So, ignoring context and dosage and vilifying a subgroup of a nutrient as inherently evil is misleading and overly simplistic at best, and harmful at worst.
There’s no need to be obsessive over consumption of HFCS. Anything in excessive amounts can be toxic, so you must consider the dosage and context.
So, Is High Fructose Corn Syrup Bad for You?……..It Depends
Yeah, yeah, I know this isn’t a revolutionary and emotion-invoking conclusion, but it’s the truth.
This answer is not going to qualify me for crazy book sales, a television special, and a cult-like following, but if you look at the cold hard facts, it’s the real answer. And I like to keep it real.
Sorry, I had to entertain myself a bit, it’s been a long day.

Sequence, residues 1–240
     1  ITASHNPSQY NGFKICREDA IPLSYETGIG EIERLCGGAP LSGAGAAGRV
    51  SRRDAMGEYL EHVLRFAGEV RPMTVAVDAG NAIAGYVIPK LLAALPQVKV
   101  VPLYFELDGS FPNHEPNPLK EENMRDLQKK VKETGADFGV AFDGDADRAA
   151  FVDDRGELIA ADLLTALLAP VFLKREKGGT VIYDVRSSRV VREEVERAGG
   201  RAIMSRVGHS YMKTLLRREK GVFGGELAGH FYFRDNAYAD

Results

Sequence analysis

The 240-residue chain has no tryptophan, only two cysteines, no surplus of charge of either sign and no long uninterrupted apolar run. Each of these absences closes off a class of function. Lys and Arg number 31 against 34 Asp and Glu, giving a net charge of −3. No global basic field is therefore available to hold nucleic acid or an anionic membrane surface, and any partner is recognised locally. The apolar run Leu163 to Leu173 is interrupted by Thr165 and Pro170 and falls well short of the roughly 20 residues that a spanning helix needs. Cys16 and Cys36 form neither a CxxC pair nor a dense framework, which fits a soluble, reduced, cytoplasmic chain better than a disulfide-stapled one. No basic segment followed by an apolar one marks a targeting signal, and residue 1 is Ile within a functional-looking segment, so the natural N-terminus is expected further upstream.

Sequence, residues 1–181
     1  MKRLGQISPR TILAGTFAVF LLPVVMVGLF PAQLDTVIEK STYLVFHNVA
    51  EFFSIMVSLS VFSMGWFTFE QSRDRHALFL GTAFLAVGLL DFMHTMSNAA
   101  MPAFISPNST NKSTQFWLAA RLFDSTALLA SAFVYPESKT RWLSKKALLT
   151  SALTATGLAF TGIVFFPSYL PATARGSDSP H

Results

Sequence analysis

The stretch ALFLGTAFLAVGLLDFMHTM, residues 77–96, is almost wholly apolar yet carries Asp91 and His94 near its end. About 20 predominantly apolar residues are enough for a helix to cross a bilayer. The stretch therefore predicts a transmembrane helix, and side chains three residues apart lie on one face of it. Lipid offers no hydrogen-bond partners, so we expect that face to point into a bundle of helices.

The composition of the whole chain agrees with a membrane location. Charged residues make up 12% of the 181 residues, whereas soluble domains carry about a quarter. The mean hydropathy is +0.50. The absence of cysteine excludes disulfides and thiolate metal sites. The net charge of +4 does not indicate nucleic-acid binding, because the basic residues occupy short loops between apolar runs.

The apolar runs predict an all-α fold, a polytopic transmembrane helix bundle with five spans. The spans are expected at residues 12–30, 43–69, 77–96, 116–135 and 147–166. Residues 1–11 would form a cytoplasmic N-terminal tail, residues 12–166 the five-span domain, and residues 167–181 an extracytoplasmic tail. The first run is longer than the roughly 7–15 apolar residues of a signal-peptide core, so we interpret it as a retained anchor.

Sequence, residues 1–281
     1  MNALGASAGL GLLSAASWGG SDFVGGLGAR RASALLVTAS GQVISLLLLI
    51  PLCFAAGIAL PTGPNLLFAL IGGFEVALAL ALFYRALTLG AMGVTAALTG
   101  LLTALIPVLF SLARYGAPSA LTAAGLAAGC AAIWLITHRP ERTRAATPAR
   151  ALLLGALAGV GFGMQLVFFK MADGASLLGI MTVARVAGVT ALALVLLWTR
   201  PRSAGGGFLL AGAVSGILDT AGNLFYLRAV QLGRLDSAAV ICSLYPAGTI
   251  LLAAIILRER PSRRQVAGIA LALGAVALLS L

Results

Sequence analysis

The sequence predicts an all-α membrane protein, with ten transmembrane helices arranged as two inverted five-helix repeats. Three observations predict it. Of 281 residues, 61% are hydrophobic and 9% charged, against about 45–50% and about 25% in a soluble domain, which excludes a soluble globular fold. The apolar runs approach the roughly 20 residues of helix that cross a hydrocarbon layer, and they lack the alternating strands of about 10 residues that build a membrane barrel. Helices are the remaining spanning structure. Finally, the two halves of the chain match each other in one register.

Avoid the Conspiracy-Seeking, Pseudo-Scientific Nutjobs
Like I’ve mentioned several times, people attempt to use words with extremely negative connotations such as ‘evil’, ‘toxic’, ‘devil’, etc. when describing HFCS. These people are simply trying to invoke emotion and get the public more alarmed and obsessive about their food choices than they already are.
Again, I’m not advocating that someone eat a carton of Stater Bros ice cream or drink fifteen sodas per day. But I am advocating that you keep an open mind and understand that these things can certainly be a part of a healthy diet, and should not be thought of as inherently dangerous or damaging.